Recently, in a discussion about my article on film set design (“Hobby and work – interior finishing in cinematography“) I heard the accusation that there may have been scenography in films, but now film productions mainly use green screen. I have to agree with this – the world is moving forward and replacing old technologies with newer ones, which are also faster to produce and cheaper. .. But this mainly applies to films from the S-F or fantasy genres, where building entire large film sets is unprofitable. Hollywood’s last such leap in the context of post-apocalyptic cinema, where an entire film set was built from scratch, was “Water World” with Kevin Costner in the role main street. The financial flop of this film clearly showed film studios that green screen was a financially safer solution. The era of computer graphics called CGI has come.
CGI in the post-production process is a tool of great importance in today’s film and set design industry. It allows you to create amazing visual effects and transform the surroundings of film scenes. 3D computer graphics are a key element of set design, providing filmmakers with many fascinating possibilities that go beyond the possibilities of building real models.
What scenography is better – CGI
One of the main functions of CGI in the context of scenography is to transform photographed objects by modifying their selected elements. This allows you to change the appearance and characteristics of objects without having to physically modify them. This tool also allows you to create virtual scenography that the camera can freely traverse and circle. This opens up new possibilities in creating dynamic shots.
Additionally, CGI allows you to add backgrounds and views from the window, presenting the desired weather. This allows you to place characters or objects in various sceneries, even those impossible to achieve in reality. This also allows you to remove ahistorical elements from the photo material, such as satellite dishes or high-voltage pylons, which is invaluable when producing films from a given era.
Another important aspect of CGI in set design is the aging and texturing of scenery. This allows you to capture surface details, such as how light is reflected or absorbed, which contributes to the realism of the scenery.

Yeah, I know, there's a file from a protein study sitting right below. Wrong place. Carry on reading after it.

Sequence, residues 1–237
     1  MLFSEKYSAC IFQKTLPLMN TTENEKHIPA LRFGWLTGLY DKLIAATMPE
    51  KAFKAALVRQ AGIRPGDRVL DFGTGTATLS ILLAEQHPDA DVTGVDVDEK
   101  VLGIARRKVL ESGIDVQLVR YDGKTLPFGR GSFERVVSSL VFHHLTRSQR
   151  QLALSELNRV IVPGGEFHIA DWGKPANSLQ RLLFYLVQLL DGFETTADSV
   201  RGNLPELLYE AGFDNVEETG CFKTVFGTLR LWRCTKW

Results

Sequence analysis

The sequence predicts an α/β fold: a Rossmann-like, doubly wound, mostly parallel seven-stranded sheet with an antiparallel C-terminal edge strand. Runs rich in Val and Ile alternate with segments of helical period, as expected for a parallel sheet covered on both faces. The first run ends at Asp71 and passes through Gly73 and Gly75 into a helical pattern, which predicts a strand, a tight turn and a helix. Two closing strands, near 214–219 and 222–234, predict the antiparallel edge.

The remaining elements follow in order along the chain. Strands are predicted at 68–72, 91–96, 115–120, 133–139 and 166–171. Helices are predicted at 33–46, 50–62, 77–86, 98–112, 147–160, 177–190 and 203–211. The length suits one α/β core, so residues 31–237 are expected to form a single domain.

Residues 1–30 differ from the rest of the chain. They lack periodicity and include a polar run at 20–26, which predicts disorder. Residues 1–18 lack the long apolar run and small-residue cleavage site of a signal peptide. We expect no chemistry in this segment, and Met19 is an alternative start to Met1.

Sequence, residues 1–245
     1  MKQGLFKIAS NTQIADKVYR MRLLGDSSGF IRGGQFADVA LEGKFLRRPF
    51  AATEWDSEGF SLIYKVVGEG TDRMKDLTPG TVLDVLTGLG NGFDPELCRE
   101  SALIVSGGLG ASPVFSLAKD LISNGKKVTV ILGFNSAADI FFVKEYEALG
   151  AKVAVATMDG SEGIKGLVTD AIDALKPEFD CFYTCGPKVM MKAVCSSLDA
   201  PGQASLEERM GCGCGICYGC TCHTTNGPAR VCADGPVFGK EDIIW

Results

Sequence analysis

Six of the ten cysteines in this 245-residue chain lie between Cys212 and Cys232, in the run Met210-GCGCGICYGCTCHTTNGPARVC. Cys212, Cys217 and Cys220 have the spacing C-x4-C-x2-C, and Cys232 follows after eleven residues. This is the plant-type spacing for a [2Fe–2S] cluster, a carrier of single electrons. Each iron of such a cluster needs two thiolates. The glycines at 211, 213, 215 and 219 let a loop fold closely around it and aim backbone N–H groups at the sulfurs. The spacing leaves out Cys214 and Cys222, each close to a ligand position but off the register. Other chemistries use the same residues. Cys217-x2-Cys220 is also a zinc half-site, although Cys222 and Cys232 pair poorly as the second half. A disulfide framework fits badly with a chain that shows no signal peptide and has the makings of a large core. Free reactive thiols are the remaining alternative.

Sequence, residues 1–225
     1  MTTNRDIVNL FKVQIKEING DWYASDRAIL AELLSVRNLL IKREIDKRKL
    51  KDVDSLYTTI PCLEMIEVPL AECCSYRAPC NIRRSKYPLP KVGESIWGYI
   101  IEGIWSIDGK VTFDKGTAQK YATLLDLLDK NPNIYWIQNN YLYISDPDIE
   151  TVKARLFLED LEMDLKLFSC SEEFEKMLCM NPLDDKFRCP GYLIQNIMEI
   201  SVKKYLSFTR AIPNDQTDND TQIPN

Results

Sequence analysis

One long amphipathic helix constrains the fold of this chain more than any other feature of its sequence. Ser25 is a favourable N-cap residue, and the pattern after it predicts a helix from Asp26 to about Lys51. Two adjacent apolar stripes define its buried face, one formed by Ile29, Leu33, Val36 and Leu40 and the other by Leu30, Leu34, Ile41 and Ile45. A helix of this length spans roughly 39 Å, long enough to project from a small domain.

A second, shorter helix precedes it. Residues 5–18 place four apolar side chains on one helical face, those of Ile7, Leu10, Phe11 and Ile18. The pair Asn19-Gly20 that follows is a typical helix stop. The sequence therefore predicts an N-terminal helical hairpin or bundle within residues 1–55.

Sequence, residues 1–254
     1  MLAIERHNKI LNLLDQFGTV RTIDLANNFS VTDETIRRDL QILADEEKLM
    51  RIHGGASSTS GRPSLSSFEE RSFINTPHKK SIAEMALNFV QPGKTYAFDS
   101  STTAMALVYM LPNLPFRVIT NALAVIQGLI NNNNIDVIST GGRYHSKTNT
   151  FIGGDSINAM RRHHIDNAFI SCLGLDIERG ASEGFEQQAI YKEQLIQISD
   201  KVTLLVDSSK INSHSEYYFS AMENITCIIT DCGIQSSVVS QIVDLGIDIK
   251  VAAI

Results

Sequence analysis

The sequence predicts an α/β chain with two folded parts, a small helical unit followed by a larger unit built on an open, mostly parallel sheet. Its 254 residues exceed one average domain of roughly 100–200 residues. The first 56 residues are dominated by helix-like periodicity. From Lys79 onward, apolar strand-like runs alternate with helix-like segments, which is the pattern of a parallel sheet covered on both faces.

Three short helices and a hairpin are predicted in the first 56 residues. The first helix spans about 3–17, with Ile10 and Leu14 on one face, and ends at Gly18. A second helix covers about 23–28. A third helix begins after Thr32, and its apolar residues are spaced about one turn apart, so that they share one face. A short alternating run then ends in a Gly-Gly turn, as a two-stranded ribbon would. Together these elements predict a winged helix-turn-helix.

The history of CGI in film dates back to 1982, when the production of the film “TRON” first used computer graphics to create vehicles and action scenes. This event opened the door to further development of this technology in the film industry.
How was it before?
It is also worth noting that at the beginning of the 21st century, the role of set designers in the final look of the film began to decline in favor of special effects specialists. VFX companies have established independent departments. This caused some tensions between the art and special effects departments – especially when it comes to control over the final effect of the team’s work.
Before the era of CGI, concept artists created hand drawings and paintings that defined the aesthetic of film. Now, even if artists still use traditional techniques, their works are scanned and archived digitally. The same applies to detailed scenography designs and photos of already built decorations, on which VFX specialists apply special effects. The artist adds light, textures and additional interior elements to present the visual concept to producers and the director.
Finally, returning to the film “Water World”, two things should be noted. The film will soon celebrate its 30th anniversary, but watching it we do not get the impression of artificiality and cheapness. This is due to the fact that the scenography was made for real and not using a computer. However, films based largely on CGI have unfortunately not aged so well. An example is “The Lawnmower Man“, in which the visual effects have aged terribly, making the film practically unwatchable today.
Do you prefer carefully built sets or computer-generated ones?